Marchiafava-Bignami disease (MBD) is a rare condition characterized by demyelination of the corpus callosum. It is seen most often in patients with chronic alcoholism.
In 1903, Italian pathologists Marchiafava and Bignami described 3 alcoholic men who died after having seizures and coma. In each patient, the middle two thirds of the corpus callosum was found to be severely necrotic. Through the years, the medical literature accumulated hundreds of cases of MBD. Most of these cases were found in alcoholic men.
With the advent of computed tomography (CT) scanning and magnetic resonance imaging (MRI), more cases of MBD have been recognized than before. Analyses of such cases have revealed several patterns, including scattered lesions or cysts observed at intervals from the front to the back of the callosum. Nearby areas (eg, anterior commissure, posterior commissure, brachium pontis, other white-matter tracts) and the centrum semiovale are frequently involved.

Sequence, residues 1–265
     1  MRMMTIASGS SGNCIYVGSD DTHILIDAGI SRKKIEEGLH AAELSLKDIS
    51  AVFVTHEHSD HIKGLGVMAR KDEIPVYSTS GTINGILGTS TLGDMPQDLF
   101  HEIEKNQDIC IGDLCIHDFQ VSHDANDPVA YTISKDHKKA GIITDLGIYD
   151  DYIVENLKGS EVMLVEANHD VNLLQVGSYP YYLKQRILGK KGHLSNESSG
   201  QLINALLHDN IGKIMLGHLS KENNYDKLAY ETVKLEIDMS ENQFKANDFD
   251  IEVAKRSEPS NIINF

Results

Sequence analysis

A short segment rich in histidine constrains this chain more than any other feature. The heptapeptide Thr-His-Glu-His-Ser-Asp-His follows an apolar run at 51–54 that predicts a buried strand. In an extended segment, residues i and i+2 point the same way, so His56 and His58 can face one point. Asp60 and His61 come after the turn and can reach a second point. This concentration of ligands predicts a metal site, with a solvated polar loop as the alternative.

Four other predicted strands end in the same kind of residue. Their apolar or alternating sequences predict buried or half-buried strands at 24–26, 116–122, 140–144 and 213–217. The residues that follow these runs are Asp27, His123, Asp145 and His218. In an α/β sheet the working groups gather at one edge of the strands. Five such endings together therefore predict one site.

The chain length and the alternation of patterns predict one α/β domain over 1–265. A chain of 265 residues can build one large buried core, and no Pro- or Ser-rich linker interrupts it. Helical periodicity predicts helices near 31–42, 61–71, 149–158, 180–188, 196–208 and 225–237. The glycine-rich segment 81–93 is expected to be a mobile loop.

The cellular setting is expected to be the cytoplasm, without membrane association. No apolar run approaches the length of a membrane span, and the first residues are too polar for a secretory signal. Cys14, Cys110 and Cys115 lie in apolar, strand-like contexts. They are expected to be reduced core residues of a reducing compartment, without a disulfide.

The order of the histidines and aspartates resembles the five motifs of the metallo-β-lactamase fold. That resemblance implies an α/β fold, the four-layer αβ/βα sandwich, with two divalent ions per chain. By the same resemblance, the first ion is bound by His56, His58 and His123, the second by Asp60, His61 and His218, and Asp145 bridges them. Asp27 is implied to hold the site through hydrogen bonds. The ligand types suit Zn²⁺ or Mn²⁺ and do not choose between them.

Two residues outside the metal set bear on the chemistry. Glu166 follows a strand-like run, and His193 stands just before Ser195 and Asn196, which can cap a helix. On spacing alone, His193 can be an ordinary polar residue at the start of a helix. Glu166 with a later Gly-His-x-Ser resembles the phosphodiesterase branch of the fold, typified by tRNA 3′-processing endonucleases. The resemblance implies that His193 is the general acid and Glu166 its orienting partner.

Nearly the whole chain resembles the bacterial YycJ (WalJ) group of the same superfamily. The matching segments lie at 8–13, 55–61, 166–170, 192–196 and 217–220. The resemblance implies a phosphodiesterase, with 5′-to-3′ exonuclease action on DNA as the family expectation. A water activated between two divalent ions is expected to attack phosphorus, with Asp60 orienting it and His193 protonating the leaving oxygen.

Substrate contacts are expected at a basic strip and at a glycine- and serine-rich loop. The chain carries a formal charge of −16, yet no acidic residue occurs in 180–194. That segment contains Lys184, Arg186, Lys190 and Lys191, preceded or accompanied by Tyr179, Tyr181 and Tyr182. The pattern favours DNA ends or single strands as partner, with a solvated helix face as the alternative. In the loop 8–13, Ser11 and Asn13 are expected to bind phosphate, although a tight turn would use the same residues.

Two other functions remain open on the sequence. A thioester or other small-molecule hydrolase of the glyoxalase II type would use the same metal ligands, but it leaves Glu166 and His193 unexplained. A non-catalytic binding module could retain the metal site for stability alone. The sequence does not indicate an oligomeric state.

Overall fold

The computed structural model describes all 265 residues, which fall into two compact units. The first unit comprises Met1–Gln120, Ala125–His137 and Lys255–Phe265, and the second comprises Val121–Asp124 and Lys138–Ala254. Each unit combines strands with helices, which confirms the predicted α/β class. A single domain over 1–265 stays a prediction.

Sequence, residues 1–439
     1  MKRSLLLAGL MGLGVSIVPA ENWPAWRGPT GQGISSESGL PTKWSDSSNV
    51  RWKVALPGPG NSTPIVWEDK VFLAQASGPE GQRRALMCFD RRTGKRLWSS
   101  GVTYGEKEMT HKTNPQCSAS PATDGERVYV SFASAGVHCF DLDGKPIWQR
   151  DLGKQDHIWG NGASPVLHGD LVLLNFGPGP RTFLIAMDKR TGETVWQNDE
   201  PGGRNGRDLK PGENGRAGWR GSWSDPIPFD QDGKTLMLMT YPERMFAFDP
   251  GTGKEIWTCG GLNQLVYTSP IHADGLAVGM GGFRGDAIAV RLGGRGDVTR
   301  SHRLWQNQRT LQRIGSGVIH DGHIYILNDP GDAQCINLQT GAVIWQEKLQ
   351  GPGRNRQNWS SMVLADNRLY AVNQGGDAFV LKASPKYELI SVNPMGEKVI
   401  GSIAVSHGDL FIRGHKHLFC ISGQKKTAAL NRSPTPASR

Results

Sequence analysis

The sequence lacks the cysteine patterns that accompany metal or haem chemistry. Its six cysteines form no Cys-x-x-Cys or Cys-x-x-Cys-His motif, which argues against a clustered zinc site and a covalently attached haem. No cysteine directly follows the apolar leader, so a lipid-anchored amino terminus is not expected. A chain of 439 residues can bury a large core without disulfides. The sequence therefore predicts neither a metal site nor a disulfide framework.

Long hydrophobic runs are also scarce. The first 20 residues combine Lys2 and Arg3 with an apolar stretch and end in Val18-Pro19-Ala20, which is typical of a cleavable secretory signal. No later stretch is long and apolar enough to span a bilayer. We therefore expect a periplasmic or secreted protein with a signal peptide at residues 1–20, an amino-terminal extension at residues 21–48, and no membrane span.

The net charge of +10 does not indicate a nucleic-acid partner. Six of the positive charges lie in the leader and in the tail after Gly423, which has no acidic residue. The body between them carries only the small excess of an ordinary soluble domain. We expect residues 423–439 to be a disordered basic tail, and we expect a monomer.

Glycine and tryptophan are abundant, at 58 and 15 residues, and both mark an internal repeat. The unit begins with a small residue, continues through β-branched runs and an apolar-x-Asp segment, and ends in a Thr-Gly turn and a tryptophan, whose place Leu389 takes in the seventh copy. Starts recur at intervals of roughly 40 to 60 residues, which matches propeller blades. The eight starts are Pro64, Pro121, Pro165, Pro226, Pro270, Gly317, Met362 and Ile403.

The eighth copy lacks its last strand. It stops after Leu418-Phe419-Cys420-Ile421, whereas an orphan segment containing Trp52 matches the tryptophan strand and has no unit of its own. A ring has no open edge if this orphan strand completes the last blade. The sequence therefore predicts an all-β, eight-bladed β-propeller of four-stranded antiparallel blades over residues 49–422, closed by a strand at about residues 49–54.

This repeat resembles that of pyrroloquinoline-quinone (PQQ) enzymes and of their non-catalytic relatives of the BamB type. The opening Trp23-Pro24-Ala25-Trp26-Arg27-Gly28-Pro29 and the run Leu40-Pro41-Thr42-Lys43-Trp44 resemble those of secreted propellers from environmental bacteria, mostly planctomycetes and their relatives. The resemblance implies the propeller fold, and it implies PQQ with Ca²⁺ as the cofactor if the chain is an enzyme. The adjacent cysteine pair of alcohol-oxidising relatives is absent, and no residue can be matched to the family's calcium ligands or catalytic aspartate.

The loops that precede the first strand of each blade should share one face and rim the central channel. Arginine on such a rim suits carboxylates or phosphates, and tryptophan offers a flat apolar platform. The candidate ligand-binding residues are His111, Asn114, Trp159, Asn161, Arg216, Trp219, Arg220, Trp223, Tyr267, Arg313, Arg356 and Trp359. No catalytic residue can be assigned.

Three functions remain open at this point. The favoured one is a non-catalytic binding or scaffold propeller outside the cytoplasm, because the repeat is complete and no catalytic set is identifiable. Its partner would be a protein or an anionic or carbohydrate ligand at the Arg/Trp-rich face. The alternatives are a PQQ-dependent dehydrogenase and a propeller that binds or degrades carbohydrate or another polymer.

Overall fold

In 2007, Celik et al reported a case of a nonalcoholic patient with acute MBD that was associated with a gynecologic malignancy. The authors raised the question of a possible paraneoplastic MBD. That same year, Rusche-Skolarus et al described a case of MBD in a postoperative, nonalcoholic female who presented with an encephalopathy.